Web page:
President Xi Jinping of China

It looks as if Chinese president Xi Jinping’s zero-Covid policy is threatening to spark a political explosion. The lockdowns covering many major cities including parts of Beijing could soon affect 30 percent of output. They are causing widespread protests. The Chinese economy was already reeling under the impact of the collapse of the real estate sector.

Since the global financial crisis of 2007-9 investment in housing and in infrastructure, financed increasingly through all sorts of scams, has been the main driver of economic growth. But a government clampdown last year brought this house of cards tumbling down. There were hopes that consumer spending reviving after the pandemic might help fill the gap. Instead the zero-Covid policy has been causing increasing economic disruption.

It involves mass testing, reacting to any Covid infections by locking down affected areas, putting positive cases in government-supervised centres, and restricting travel in and out of China. Initially, zero-Covid looked good, especially compared to the negligent and murderous management of the pandemic by the likes of Donald Trump and Boris Johnson. The problem is that genuine zero-Covid is impossible to achieve.

This is partly because the SARS-CoV-2 virus, which killed over 18 million people in 2020-1 is, as Mike Davis put it, a “shape-shifter”. It can develop new variants by splicing together genes from different species. This makes it hard to achieve herd immunity, where enough people have been vaccinated or infected to slow down the spread of the virus. The proliferating variants, now versions of Omicron, are able to by-pass existing immunities.

It means vaccination is really important. Even if it doesn’t stop infection, it greatly reduces its impact. The two main Chinese vaccines aren’t mRNA-based like those produced by Pfizer or Modena, which target Covid’s protein spike.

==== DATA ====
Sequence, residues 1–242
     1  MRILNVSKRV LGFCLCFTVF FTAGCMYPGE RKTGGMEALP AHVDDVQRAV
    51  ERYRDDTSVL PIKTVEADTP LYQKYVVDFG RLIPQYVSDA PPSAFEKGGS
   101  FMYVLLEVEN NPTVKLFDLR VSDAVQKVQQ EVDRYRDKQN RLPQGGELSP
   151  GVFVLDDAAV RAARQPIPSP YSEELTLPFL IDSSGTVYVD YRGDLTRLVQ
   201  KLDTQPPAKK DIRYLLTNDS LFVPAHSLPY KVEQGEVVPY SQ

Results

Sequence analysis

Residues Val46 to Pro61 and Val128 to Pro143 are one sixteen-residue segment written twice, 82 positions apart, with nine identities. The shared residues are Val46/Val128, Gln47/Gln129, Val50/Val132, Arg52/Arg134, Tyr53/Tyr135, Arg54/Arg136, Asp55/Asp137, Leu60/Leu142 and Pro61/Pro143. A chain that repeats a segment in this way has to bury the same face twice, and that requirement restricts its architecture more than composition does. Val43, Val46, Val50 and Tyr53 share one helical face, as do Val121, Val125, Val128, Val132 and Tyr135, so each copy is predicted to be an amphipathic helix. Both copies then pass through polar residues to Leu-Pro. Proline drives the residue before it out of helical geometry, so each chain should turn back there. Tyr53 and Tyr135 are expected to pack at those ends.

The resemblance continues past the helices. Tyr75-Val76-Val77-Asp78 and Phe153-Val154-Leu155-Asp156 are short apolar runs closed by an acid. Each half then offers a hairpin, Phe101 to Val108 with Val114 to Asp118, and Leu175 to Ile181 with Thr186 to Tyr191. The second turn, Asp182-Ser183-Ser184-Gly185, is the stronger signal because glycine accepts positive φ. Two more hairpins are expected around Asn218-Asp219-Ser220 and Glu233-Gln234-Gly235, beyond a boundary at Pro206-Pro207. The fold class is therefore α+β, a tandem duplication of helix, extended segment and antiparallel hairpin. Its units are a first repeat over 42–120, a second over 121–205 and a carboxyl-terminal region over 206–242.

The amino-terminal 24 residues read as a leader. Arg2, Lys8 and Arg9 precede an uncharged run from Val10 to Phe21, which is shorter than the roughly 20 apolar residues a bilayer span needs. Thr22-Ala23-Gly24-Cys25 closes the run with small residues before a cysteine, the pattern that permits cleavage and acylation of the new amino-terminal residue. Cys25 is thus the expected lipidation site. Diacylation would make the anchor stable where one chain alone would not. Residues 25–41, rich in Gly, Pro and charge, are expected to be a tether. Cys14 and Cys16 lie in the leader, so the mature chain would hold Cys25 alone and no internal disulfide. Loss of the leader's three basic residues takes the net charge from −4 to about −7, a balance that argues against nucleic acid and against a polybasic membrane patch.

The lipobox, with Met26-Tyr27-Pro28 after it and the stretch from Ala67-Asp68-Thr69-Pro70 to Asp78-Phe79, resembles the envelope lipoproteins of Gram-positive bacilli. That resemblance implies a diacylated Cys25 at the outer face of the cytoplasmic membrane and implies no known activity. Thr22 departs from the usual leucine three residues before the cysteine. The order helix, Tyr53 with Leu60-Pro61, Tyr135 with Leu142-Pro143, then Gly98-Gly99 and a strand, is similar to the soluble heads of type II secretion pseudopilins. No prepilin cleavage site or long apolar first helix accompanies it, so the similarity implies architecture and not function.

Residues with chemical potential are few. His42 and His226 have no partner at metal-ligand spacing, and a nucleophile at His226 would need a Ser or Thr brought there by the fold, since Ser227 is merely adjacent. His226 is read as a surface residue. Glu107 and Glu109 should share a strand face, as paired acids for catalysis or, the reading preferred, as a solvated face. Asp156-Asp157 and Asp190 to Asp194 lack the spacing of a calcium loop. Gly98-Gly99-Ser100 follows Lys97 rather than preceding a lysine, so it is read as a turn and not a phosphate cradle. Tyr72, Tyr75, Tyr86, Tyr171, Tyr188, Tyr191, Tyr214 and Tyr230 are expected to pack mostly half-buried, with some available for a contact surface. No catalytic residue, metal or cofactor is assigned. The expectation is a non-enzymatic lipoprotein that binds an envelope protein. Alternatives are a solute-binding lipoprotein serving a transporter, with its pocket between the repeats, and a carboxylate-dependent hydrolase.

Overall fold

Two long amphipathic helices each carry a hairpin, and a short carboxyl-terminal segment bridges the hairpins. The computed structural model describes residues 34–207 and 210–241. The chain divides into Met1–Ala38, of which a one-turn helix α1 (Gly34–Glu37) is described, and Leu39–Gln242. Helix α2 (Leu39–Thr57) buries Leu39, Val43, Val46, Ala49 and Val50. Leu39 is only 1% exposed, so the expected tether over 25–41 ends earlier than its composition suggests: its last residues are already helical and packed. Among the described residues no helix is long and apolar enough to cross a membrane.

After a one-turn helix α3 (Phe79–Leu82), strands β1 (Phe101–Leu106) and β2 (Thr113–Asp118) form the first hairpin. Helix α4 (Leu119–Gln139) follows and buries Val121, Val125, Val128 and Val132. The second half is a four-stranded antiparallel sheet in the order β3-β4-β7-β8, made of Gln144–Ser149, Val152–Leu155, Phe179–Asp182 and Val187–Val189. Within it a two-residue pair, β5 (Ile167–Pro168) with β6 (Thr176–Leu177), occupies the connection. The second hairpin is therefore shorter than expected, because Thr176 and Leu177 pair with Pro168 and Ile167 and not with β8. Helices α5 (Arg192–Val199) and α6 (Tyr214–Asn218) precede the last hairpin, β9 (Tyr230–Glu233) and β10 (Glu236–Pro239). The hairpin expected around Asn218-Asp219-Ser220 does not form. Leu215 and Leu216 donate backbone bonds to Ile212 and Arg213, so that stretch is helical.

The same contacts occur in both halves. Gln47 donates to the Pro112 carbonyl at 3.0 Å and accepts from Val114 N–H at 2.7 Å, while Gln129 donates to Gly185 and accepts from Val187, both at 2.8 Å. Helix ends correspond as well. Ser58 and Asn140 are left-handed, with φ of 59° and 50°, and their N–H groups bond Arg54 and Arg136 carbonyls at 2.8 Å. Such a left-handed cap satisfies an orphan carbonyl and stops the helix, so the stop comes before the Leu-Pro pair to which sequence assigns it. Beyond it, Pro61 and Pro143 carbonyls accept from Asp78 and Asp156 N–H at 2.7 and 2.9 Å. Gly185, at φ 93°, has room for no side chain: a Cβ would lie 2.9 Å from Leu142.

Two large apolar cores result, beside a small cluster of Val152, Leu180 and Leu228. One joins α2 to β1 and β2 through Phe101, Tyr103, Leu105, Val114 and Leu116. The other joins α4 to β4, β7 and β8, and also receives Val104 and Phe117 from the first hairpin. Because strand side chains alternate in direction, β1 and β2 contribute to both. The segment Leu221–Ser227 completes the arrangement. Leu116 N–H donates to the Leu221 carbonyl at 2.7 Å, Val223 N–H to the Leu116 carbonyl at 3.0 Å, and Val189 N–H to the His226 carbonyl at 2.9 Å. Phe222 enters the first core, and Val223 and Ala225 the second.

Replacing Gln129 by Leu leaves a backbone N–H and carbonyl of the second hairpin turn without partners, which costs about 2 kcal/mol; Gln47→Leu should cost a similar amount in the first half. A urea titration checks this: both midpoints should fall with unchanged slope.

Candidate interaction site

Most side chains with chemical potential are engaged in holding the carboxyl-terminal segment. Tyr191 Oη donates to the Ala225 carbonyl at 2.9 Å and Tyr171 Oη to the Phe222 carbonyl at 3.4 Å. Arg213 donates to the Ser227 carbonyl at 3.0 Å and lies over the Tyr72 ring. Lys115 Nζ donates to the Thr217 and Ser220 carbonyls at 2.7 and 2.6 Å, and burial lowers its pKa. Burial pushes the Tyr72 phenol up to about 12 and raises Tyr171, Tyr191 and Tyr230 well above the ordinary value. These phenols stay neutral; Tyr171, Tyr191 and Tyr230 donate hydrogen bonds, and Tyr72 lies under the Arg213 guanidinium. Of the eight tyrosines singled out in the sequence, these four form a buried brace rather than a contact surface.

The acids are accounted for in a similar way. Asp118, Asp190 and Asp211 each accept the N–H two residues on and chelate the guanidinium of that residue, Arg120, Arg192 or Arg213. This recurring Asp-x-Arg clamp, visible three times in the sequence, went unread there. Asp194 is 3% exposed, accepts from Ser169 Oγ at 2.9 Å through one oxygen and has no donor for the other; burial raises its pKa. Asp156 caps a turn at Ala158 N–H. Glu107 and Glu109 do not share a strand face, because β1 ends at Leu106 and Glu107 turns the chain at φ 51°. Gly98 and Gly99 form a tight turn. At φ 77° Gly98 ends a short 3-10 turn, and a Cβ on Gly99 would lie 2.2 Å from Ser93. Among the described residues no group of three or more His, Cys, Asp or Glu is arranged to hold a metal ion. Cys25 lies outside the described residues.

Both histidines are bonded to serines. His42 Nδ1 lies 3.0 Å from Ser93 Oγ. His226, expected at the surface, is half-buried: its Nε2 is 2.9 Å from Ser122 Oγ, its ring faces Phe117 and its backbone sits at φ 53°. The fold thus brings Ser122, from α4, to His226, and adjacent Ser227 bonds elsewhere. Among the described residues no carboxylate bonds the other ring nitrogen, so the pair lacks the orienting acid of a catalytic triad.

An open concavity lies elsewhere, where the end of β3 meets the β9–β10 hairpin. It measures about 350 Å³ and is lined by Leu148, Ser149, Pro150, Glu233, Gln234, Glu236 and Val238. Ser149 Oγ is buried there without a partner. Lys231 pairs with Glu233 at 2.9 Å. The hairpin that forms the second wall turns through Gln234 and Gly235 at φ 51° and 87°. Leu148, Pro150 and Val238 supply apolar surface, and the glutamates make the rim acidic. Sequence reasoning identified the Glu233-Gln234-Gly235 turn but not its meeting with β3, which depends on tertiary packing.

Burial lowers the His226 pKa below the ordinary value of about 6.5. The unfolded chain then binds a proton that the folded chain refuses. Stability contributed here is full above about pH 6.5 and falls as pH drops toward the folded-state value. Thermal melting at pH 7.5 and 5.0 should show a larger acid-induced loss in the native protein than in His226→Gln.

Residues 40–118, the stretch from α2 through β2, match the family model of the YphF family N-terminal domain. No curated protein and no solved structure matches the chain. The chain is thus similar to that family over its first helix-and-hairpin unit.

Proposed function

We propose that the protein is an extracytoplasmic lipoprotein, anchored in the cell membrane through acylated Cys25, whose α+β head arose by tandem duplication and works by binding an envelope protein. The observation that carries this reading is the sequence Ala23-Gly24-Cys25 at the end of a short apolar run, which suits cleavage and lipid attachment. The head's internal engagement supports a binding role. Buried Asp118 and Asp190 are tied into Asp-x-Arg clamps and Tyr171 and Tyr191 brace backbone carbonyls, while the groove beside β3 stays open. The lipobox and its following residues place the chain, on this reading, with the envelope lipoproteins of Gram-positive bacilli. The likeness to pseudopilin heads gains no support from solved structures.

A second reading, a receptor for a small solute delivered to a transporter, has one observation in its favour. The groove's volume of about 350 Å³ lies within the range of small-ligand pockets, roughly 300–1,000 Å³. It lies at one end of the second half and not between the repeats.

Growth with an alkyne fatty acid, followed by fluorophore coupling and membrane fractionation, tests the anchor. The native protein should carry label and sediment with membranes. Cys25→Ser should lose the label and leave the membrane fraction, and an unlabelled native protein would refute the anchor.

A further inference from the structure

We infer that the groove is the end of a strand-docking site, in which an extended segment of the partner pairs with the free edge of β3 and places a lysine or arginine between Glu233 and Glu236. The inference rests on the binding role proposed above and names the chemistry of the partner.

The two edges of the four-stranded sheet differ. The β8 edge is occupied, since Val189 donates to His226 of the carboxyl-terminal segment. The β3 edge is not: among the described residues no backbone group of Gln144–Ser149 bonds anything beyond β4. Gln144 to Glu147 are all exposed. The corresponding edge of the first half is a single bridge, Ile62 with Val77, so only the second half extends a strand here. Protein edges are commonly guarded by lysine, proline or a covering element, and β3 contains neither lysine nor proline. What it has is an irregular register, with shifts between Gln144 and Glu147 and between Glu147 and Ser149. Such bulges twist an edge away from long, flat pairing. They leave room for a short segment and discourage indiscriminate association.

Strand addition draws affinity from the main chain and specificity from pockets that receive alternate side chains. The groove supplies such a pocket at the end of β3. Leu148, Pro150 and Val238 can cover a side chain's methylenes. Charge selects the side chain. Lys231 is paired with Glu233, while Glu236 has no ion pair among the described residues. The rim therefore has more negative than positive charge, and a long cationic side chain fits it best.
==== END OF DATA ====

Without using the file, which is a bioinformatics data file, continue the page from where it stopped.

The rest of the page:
There is widespread vaccine resistance among older people in China. Only 40 percent of the over-80s have received three vaccine doses. The health services are geared to enforcing the zero-Covid policy rather than getting everyone vaccinated. Bloomberg Intelligence said that abandoning the policy could lead to 363 million infections, 5.8 million in intensive care and almost 620,000 deaths.

So the Xi regime is caught in a cleft stick, and the lockdowns are making a bad economic situation worse. They are also increasingly unpopular, because people may be locked up in their homes for months with unreliable supplies. China’s privatised healthcare system is already highly politicised, with patients distrustful of doctors in cahoots with the drug companies.

Now the discontent created by zero-Covid has reached a new level. On Wednesday last week workers at Foxconn’s giant assembly plant in Zhengzhou clashed with riot police. They were protesting at the company’s failure to honour its promise to pay bonuses to freshly recruited workers who had to go into quarantine first. The plant assembles iPhones.

Then a fire in Urumqi, capital of Xinjiang province, killed ten people. The city has been in lockdown for three months, and zero-Covid was blamed for the deaths. Demonstrations began to spread across China, for example, to the main economic hub of Shanghai, which was locked down for two months in the spring. 

Students were prominent in the protests, such as at Tsinghua and Peking universities in Beijing. Taisu Zhang, a Chinese academic at Yale University, tweeted, “The main reason why Chinese protests post-1989 and pre-2019 were local in nature (and therefore less threatening to the government) was that policy making was also largely decentralised. There was no national-level focal point that could mobilise protests across the major population centres.

“Covid control was arguably the first truly national-level policy that really had a salient impact on everyday life. While it worked, it provided perhaps the biggest boost to the state’s political popularity since the economic boom days (as recently as this January) …, but once it began to malfunction … well, what you’re seeing now is the outcome.” Xi’s options now are repression, concessions, or, most likely, a mixture of the two.

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